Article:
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Is the Ghibli standard to animate on 3's?

They seem to do a lot of stuff on 3's, with the odd 4s for slow actions, the odd 2s for quick actions, very rarely on 1s for superfast movement.
pkoduah said:
Is the Ghibli standard to animate on 3's?

They seem to do a lot of stuff on 3's, with the odd 4s for slow actions, the odd 2s for quick actions, very rarely on 1s for superfast movement.
That's how they actually approach quasi-realistic high quality animation, if I'm not mistaken.
AnonBaiter said:
That's how they actually approach quasi-realistic high quality animation, if I'm not mistaken.
Right. Disney is on 2s and 1s, I think 3s is rare and 4s pretty much unheard of for them.

But Ghibli seems choppier than other big name anime movies. I'm thinking Akira, Ghost in the Shell, Metropolis, Memories etc. Could be wrong, but they seem choppier. I was shocked going through Princess Monoke when I saw they had a walk cycle on 4s, it looked good though
The Wind Rises is all in 1s and 2s, mostly.
I'm new to animation, please explain to me what the hell you guys are talking about...2s? 3s? wut? You mean how many frames they complete an action with? Or what?
The're talking about the number that has no real bearing on the quality of the animation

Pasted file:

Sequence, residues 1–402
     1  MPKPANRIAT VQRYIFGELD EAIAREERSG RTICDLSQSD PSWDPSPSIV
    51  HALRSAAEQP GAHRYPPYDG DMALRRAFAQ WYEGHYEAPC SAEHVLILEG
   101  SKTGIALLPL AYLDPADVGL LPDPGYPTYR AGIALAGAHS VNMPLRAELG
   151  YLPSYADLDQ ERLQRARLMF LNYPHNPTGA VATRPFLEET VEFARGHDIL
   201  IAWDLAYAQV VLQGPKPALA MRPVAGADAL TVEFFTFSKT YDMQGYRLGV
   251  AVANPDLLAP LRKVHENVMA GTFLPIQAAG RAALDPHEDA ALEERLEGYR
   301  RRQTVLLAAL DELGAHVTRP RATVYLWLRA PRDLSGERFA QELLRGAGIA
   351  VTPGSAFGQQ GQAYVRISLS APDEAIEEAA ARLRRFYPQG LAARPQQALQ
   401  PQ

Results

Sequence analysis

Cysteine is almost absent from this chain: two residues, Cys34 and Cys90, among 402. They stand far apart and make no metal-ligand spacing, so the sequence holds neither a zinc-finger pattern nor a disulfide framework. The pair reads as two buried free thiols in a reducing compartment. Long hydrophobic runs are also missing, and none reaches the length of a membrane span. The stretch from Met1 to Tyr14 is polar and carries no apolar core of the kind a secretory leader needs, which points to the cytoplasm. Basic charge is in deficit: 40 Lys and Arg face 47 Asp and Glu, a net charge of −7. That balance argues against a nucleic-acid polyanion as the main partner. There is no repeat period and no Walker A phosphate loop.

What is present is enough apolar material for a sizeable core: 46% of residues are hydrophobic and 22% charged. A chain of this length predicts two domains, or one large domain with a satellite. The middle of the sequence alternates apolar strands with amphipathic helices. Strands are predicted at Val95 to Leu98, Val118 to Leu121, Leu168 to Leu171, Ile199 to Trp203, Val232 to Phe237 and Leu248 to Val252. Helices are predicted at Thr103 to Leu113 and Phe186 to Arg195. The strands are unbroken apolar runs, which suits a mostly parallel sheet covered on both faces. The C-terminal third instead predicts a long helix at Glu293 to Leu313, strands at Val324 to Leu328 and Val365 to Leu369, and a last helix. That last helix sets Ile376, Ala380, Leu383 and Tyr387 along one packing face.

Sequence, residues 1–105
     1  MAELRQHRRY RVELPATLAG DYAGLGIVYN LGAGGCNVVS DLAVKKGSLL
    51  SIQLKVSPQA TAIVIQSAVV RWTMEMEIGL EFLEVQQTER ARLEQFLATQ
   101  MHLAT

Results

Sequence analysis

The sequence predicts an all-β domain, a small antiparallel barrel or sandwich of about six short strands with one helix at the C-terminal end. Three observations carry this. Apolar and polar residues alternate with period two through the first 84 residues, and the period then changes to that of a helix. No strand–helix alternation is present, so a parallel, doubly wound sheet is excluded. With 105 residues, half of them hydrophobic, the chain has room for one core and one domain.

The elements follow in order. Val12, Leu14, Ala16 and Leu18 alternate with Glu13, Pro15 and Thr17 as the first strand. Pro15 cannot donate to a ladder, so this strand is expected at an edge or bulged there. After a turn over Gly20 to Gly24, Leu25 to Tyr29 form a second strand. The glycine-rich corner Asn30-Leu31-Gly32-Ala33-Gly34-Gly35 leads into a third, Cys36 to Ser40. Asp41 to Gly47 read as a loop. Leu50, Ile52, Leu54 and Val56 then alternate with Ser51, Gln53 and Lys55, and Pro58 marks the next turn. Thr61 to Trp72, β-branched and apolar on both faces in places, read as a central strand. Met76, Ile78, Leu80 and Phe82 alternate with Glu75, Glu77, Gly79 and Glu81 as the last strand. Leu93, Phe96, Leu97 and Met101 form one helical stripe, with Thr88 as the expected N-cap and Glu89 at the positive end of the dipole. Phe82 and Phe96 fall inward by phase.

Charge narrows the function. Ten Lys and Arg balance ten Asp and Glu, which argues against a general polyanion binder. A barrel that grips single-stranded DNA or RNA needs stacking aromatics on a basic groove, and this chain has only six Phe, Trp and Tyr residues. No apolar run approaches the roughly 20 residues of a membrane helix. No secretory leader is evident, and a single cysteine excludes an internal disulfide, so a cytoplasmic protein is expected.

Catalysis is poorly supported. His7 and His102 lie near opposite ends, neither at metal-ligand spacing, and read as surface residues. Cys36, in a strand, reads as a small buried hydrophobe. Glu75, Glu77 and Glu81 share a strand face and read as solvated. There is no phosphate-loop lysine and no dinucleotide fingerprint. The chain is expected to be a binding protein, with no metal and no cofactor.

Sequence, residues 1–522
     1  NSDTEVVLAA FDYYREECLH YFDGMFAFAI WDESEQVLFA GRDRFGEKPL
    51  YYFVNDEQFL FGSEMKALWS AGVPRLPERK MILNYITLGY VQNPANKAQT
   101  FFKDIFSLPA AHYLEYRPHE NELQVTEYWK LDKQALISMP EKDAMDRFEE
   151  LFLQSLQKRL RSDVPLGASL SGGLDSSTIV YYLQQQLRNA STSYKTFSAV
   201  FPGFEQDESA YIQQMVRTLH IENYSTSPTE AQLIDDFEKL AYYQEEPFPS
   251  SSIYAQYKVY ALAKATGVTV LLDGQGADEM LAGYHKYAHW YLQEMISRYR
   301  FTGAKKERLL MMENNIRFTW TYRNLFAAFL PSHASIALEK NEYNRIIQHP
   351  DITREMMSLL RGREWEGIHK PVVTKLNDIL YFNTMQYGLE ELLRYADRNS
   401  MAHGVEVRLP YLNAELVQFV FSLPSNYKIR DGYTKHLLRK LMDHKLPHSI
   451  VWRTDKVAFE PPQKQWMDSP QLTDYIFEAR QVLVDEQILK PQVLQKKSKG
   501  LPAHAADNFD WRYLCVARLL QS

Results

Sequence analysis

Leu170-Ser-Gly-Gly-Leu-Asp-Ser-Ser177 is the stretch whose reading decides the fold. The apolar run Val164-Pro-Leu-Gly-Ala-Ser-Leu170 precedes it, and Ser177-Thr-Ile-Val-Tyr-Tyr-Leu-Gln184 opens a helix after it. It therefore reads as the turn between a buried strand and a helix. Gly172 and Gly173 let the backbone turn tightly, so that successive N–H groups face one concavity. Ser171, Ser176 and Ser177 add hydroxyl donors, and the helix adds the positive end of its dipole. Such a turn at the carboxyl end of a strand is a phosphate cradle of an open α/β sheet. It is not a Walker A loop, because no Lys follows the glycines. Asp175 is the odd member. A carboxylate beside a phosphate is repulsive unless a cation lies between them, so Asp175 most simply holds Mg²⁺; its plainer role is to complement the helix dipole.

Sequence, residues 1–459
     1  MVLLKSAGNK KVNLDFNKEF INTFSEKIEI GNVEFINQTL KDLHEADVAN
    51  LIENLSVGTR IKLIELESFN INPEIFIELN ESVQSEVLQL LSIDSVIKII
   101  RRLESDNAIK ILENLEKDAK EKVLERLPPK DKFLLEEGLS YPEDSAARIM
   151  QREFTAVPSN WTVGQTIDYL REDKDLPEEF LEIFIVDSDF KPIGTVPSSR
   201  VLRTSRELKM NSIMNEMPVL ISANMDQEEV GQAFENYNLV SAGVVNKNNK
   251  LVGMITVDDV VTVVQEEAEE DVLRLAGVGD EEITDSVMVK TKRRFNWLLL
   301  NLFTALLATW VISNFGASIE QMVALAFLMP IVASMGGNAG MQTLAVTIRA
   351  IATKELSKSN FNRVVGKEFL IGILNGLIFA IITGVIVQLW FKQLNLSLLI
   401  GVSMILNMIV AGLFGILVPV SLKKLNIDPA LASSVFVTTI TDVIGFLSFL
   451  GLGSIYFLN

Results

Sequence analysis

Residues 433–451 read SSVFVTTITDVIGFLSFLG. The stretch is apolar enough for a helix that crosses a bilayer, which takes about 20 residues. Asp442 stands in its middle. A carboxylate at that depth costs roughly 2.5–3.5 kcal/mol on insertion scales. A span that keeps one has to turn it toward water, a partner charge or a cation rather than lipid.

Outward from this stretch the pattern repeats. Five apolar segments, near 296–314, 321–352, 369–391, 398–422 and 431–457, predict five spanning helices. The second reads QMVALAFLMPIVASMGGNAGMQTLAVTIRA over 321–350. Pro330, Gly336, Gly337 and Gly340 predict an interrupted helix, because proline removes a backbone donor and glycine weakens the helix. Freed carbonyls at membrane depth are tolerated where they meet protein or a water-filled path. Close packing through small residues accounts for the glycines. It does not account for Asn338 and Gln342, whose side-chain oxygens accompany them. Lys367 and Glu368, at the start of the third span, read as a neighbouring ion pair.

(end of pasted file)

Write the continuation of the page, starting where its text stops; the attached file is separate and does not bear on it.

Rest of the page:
Naisora said:
I'm new to animation, please explain to me what the hell you guys are talking about...2s? 3s? wut? You mean how many frames they complete an action with? Or what?
1s, 2s, 3s and 4s are used when you talk about how many frames one picture is shown. Most animation in general, is done on 24 fps (frames per second). Since a picture that lasts 4/24 seconds lasts longer than a 1/24 picture, the action will seem slower, or in many cases choppier than it would've looked, if it had been on a lower frame-count. Hope I explained this somewhat understandably..
Naisora said:
I'm new to animation, please explain to me what the hell you guys are talking about...2s? 3s? wut? You mean how many frames they complete an action with? Or what?
Most film/TV is made with with 24 frames per second, so when it comes to animation a scene drawn on 1s is one which has 1 new drawing for each frame (of that 24 block). However to draw and animate 24 frames for 1 second of footage can often be very time consuming and expensive, so animators developed methods to ease their workload. For example when they only draw every other frame out of that 24 frame block, is known as working on '2s'. 3s as you can guess is when they only draw every 3rd frame, and so on.

Classical Disney animation was often drawn on 1s and 2s as they had the manpower and money to do so. Japanese Animation on the other hand is a varied ball park. Few anime productions use a strict rate, ones that do are often those that have some form of vision or financial backing behind it.

If anything, I think Japanese animation is generally defined by variable frame rates, where animators will increase and lower the rates according to what they are drawing.
Habarudo said:
1s, 2s, 3s and 4s are used when you talk about how many frames one picture is shown. Most animation in general, is done on 24 fps (frames per second). Since a picture that lasts 4/24 seconds lasts longer than a 1/24 picture, the action will seem slower, or in many cases choppier than it would've looked, if it had been on a lower frame-count. Hope I explained this somewhat understandably..